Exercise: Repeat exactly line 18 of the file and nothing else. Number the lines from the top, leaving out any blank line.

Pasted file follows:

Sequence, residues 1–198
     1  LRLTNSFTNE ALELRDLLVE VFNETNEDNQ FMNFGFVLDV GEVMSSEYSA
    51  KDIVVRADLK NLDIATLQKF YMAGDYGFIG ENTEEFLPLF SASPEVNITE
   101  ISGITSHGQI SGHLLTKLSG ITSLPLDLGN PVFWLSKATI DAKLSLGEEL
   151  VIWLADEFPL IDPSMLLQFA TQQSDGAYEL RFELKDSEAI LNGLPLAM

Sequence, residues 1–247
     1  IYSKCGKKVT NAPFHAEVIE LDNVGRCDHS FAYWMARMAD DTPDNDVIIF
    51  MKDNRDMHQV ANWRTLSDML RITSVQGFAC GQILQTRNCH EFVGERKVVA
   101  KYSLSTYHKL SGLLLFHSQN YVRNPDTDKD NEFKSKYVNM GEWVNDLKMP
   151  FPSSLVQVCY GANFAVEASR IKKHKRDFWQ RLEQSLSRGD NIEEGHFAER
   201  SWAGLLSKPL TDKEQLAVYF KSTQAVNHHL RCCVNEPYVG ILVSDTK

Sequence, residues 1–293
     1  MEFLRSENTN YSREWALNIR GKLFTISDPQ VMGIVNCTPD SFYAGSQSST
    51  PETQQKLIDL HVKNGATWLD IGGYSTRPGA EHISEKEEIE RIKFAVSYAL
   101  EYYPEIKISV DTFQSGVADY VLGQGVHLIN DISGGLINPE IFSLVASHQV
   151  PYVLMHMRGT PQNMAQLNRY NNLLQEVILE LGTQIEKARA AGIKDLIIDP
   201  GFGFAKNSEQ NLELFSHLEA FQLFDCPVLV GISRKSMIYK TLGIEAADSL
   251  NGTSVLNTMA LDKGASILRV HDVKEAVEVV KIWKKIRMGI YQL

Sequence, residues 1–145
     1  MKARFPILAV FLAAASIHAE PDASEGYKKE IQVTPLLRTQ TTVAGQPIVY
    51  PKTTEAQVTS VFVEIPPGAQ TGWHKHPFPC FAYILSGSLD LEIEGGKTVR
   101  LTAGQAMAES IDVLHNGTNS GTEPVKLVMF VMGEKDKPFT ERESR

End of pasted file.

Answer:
   251  NGTSVLNTMA LDKGASILRV HDVKEAVEVV KIWKKIRMGI YQL